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The Greatest American Songwriters: Bob Dylan 

No matter which genre of music you like, no matter your style and no matter your age, everyone knows a Bob Dylan song! We could write a multi-volume encyclopedia of Dylan’s songs; that’s how long he’s been a songwriter, and how long he’s been putting out music. Bob Dylan, born Robert Allen Zimmerman, is our first post in this series of America’s greatest songwriters.

While you might not find Dylan in the country music hall of fame, as he’s more of a folk singer-songwriter, he does have some country music ties. Kris Kristofferson, David Allan Coe and Waylon Jennings, part of the “Outlaw Country” movement, really loved Dylan’s music. Bob Dylan himself once requested a co-writing session with Texas folk legend, and another great American songwriter, John Townes Van Zandt. Songs like Lay, Lady, Lay; You Ain’t Goin’ Nowhere; and Girl from North Country, which was a duet with Johnny Cash, are all considered great country-music songs. You might not hear them played on today’s country music radio, but you wouldn’t have been able to escape hearing them in the ‘70s.

Long before people started writing songs in honor of Bob Dylan, the man got his start in 1962 with his self-titled debut album, which consisted primarily of traditional folk songs. He really broke out the following year with his album The Freewheelin’ Bob Dylan and quickly cemented himself as a great songwriter.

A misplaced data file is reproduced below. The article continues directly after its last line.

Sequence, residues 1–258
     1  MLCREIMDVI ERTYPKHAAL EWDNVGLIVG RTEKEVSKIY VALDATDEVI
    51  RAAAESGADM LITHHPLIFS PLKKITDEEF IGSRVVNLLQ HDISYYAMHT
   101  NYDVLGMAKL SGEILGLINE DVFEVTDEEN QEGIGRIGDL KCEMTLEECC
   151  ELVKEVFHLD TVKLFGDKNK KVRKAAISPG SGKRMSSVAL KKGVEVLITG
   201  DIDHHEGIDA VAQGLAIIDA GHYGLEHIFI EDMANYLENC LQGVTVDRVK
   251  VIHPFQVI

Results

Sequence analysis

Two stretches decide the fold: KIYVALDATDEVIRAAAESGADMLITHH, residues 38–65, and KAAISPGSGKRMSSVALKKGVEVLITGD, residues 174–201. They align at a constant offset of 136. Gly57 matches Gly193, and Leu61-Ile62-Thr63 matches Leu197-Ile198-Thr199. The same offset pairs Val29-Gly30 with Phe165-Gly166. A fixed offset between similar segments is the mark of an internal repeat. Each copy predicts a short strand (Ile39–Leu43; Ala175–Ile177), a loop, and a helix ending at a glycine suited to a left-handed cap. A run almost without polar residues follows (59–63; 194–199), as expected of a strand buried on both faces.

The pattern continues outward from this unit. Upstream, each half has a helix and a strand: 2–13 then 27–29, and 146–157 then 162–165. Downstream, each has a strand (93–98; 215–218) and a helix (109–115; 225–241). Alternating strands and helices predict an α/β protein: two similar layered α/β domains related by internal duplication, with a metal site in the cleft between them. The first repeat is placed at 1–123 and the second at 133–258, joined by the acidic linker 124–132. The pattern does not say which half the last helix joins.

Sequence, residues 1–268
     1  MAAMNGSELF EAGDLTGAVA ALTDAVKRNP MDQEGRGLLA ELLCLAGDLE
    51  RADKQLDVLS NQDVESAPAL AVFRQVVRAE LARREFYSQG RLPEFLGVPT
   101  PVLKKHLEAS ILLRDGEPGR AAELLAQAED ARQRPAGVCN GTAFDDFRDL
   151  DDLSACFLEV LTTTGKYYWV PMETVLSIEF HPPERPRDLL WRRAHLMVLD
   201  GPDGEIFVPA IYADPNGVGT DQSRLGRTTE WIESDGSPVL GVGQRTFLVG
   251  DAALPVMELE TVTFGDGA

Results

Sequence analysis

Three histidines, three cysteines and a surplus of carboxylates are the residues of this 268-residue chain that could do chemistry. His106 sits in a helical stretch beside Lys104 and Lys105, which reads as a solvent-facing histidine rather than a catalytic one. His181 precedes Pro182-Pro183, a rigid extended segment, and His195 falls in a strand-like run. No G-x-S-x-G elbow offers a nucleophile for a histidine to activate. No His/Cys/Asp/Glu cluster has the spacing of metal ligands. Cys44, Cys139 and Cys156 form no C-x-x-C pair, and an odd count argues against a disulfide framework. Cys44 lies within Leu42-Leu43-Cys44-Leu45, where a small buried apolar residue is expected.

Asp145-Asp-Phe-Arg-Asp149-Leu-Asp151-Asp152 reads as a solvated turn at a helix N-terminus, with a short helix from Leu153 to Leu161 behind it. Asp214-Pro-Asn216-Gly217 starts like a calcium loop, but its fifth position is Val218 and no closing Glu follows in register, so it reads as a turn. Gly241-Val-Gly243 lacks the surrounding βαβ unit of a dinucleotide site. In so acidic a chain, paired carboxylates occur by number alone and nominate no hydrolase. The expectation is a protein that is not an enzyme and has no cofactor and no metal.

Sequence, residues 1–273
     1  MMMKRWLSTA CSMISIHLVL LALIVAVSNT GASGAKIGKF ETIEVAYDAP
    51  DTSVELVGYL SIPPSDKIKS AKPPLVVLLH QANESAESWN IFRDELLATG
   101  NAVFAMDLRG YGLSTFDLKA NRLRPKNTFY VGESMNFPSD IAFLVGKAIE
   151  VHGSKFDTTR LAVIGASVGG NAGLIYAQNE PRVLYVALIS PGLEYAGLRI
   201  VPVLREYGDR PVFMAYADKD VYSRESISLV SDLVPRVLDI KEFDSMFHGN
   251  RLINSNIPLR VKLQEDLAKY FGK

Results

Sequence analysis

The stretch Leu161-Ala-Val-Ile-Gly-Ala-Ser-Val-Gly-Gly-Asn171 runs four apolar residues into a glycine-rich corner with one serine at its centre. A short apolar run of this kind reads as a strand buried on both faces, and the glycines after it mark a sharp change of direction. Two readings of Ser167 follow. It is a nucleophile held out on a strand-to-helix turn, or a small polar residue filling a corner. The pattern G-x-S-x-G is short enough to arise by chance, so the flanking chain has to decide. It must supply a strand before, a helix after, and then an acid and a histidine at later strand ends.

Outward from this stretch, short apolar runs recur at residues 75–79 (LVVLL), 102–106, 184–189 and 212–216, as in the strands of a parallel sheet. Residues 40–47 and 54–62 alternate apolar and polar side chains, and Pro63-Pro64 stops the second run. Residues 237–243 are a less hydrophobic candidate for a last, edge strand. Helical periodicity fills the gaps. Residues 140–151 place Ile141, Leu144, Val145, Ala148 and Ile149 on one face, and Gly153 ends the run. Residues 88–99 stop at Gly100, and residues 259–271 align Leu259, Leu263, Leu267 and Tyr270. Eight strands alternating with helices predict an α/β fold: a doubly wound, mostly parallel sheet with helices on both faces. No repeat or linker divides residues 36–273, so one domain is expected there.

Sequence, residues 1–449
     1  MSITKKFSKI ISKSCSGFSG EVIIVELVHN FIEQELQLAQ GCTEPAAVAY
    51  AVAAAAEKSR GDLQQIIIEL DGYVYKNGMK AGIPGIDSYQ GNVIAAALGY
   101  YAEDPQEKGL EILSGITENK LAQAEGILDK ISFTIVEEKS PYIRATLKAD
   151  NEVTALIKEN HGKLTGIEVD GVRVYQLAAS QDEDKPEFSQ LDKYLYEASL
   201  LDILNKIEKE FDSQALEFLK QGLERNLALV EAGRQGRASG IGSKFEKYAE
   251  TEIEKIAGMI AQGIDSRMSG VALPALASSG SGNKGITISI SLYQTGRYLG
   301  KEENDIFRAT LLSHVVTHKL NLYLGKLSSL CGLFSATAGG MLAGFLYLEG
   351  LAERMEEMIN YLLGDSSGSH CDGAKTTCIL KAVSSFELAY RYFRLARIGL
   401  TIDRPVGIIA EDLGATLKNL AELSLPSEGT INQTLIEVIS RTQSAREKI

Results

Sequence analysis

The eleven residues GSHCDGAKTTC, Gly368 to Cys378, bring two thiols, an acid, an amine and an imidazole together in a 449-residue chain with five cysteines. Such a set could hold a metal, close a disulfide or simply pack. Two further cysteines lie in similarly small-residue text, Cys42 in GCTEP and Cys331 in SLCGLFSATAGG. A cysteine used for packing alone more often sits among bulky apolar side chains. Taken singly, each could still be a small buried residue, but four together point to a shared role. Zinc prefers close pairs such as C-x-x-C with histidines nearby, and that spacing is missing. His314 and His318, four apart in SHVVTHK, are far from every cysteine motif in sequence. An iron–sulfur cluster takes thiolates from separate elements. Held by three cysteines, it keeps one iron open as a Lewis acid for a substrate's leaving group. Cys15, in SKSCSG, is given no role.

What Makes Dylan So Great

A lot of people have a lot of different opinions on what makes Dylan such a prolific songwriter. In a word, however, one might say it’s “consistency.” Bob Dylan always manages to consistently put out songs that just grab you and make you think about what’s being said on the record.

Dylan’s ability to tell a story in his songs, while maybe not so fit for today’s country music radio hits, was certainly a contributing factor to his success decades ago. Before songs had to fit into a 3:30 window and have a 4-line verse leading into a chorus, Dylan’s songs were more like story chapters. You wanted to know why Dylan was “Tangled up in Blue,” or what being a “Rolling Stone” really meant. Bob Dylan presented stories for people, not just regular songs.

Bob Dylan represents a bygone era, to be sure, so a lot of fans of modern country music might not be going crazy over Dylan. However, true Dylan fans appreciate and pine for that era, and they like different merchandise and music that celebrates Dylan’s era.

There might be songwriters out there every bit as good as Dylan, but there will likely never be any better.

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